BEIRUT – Palestinian fighters clashed with Islamic State militants in a heavily contested Palestinian refugee camp in the Syrian capital on Monday as a United Nations official described the situation in the embattled camp as “beyond inhumane.”
The fighting in Yarmouk began Wednesday after the Islamic State group muscled into the camp, marking the extremists’ deepest foray yet into Damascus. The heavy clashes that have raged since then have added yet another layer of misery for up to 18,000 Yarmouk residents who have already endured desperate conditions marked by a lack of basic food, medicine and water.
The deteriorating situation prompted the U.N. Security Council to call an emergency meeting Monday to discuss Yarmouk and receive a closed-door videoconference briefing by the head of the U.N. agency for Palestinian refugees, Pierre Krahenbuhl, who called the humanitarian situation in the camp “completely catastrophic.”
The Security Council called for life-saving assistance and safe evacuation for the Palestinians, protection for the refugees, and humanitarian access to the camp – and said it will look into further measures to help achieve this.
The council also condemned “the grave crimes” committed by the Islamic State group and al-Qaida-linked al-Nusra against civilians in Yarmouk, and said their crimes must not go unpunished.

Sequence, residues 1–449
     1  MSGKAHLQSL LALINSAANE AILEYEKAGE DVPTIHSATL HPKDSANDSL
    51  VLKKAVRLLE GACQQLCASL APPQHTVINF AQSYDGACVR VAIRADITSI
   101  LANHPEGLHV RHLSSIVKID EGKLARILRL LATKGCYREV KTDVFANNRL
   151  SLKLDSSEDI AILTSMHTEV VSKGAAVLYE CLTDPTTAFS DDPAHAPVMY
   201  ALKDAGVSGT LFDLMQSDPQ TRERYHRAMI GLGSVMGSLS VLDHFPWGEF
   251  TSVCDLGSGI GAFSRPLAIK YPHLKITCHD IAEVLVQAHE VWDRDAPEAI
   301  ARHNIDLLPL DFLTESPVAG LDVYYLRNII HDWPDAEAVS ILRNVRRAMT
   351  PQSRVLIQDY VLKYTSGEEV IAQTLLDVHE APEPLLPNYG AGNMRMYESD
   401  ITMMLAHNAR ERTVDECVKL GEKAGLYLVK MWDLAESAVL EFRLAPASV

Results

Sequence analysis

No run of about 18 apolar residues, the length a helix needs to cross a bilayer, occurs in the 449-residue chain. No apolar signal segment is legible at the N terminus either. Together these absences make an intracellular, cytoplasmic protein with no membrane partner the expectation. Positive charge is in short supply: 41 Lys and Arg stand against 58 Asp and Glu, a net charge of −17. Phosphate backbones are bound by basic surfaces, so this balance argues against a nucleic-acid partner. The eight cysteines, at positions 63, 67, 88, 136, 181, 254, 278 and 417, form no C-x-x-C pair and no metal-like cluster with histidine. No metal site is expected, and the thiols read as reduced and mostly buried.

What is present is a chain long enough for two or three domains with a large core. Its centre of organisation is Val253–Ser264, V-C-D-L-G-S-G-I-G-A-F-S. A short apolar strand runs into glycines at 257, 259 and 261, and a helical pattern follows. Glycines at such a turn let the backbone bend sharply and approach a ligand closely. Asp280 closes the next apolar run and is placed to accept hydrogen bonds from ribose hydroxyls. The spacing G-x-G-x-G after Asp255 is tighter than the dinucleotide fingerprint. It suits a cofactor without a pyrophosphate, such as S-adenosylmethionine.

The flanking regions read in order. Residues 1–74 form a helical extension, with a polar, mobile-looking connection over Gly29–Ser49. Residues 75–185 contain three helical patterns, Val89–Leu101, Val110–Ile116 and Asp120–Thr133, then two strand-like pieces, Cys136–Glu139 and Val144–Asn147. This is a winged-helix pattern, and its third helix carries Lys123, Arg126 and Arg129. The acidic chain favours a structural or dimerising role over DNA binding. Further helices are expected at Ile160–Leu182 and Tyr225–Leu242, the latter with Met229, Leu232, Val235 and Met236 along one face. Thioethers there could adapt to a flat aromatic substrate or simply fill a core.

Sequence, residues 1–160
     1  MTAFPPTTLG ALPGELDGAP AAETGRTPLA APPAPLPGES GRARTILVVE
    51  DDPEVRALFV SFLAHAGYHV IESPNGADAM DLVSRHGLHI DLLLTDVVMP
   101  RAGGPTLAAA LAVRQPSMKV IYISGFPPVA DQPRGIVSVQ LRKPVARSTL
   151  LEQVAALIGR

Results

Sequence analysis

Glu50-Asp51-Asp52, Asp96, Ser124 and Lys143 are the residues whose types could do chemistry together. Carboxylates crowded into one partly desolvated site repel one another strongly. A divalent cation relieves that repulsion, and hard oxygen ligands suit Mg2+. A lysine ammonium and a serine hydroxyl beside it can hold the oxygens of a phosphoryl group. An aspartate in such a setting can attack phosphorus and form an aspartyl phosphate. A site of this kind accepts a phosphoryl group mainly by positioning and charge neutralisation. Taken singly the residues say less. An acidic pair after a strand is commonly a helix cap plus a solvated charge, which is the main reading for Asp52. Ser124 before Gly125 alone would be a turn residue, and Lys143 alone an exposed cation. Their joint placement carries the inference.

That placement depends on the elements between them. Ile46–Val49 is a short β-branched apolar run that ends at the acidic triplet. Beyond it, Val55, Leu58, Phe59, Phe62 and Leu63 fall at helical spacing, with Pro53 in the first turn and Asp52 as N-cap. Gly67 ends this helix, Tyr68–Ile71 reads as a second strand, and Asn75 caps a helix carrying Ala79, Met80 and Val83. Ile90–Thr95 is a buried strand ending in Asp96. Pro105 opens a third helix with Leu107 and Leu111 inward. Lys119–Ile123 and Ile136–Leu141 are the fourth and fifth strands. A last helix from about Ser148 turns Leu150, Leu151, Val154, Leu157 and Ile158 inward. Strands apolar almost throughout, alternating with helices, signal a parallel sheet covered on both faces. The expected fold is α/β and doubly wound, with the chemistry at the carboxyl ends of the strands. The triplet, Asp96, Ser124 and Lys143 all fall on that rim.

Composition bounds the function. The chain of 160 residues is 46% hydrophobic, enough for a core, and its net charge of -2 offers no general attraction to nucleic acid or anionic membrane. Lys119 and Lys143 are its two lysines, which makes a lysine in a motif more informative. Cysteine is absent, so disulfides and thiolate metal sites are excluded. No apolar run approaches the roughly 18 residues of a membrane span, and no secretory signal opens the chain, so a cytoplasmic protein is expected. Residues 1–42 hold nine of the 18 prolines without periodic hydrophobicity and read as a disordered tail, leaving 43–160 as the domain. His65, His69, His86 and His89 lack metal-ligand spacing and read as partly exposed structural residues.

Czech president reacts to U.S. envoy’s rebuke
PRAGUE – Czech President Milos Zeman and the U.S. ambassador are in a rare public dispute over Zeman’s decision to attend a Russian military parade, and the country’s prime minister and Czech lawmakers are siding with the American.
In an interview Sunday with online publication Parlamentni Listy, Zeman bristled at the envoy’s implied criticism of his decision to attend Moscow’s traditional May 9 military parade despite tensions between Russia and the West over the Ukraine conflict.
Zeman said U.S. Ambassador Andrew Schapiro is no longer welcome at Prague Castle, the seat of the presidency.
“I think that the reaction of President Zeman was not adequate,” Prime Minister Bohuslav Sobotka said.
“I would naturally welcome it if the (president’s) attitude to foreign policy in general was a bit more professional,” Sobotka told Czech public television on Monday. “We should be able to communicate with our friends and allies.”
The parliamentary speaker of the lower house, Jan Hamacek, said he thought Zeman was overreacting. The deputy speaker of Parliament’s upper house, Premysl Sobotka, said Zeman demonstrated a lack of “diplomatic thinking.”
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